The Dark Underbelly of Lottery Games

Whether they play for the chance of winning a big prize or just for fun, millions of people have a habit of purchasing lottery tickets every week. Lottery proceeds add up to billions of dollars a year. But is there a dark underbelly to this activity? It seems that it may be, at least in part, an attempt to avoid having to earn one’s money through honest work. A biblical perspective on wealth would suggest that God wants us to make money by hard work: “Lazy hands will not eat” (Proverbs 23:5). Lottery games, however, imply that a person’s fate is dependent on chance. And, although casting lots for decisions has a long history in the Bible and among ancient societies, using them for material gain is more recent.

The first public lotteries were held in the Low Countries in the 15th century, for a variety of purposes, including the construction of town fortifications and to help the poor. In America, the colonies adopted them in 1744 and lotteries played a significant role in financing public works projects, such as roads, canals, churches, colleges, and canal locks. Benjamin Franklin, for example, sponsored a lottery to raise funds to build cannons to defend Philadelphia against the British.

A key element of a lottery is that the prize money must be large enough to draw players, while being small enough to keep the overall cost of participation within acceptable limits. This is usually accomplished by dividing the total pool of available prizes into fractions, such as tenths. Each fraction costs slightly more than the price of an entire ticket and is sold in a hierarchy of sales agents, each of which passes the money up through the organization until it is “banked.”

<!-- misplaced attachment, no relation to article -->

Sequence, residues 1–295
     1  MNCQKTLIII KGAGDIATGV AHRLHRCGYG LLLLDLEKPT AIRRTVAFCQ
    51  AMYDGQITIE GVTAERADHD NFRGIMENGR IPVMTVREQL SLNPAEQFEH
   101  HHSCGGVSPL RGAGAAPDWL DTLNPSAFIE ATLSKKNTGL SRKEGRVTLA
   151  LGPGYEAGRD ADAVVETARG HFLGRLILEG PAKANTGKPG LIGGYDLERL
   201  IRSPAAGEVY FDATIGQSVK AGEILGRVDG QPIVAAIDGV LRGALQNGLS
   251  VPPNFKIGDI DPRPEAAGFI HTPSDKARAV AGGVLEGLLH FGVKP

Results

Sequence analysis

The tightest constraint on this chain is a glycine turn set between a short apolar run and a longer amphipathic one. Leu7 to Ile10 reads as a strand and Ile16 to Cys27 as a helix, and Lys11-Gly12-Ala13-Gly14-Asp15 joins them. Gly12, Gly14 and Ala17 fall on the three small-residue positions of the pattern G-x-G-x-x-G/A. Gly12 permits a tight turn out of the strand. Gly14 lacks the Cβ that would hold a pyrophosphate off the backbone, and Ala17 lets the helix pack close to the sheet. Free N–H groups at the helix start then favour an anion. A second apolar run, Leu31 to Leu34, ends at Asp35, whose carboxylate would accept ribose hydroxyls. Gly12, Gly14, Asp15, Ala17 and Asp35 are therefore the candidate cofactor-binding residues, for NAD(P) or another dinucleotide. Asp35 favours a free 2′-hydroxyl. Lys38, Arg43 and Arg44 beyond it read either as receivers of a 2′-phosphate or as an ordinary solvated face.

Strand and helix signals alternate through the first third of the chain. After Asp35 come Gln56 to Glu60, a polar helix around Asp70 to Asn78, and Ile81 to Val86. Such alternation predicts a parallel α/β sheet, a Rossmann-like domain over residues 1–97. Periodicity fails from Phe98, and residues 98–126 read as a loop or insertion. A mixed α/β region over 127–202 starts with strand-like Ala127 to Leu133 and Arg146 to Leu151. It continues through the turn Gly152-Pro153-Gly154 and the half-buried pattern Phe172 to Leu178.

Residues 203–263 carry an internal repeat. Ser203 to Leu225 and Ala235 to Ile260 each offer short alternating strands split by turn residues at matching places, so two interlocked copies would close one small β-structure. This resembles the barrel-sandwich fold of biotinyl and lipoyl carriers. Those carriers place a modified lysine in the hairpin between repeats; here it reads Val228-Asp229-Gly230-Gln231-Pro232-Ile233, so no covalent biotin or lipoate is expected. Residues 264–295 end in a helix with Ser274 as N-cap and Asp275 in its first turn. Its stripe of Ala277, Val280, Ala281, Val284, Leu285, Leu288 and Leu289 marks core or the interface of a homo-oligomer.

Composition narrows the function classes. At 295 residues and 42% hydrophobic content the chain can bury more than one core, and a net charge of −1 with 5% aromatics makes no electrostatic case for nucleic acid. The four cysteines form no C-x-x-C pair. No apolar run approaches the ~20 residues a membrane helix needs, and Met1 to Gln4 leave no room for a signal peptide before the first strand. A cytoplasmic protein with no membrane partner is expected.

While the smallest prizes are often given away to participants with tickets, a substantial percentage of the total pools goes as taxes and promotion expenses and a percentage is usually retained by the lottery operator or sponsor. The remainder is then available for the winners. Lotteries typically promote the availability of their products through extensive advertising. While this can be effective, it has created some controversy over the effect that promotion has on the social fabric. The alleged negative impact on the poor, the problem of compulsive gambling, and the regressive effects on lower-income groups are some of the concerns that have been raised in this regard.

Moreover, because the lottery is run as a business with the primary purpose of maximizing revenues, its marketing must focus on persuading target audiences to spend their money. This can create issues that go beyond the question of whether this is an appropriate function for a government agency to fulfill. It can also create a sense of false hope for those who purchase tickets. It may be true that a few lucky individuals can win the lottery, but for most it is more likely to result in a costly addiction than in financial independence.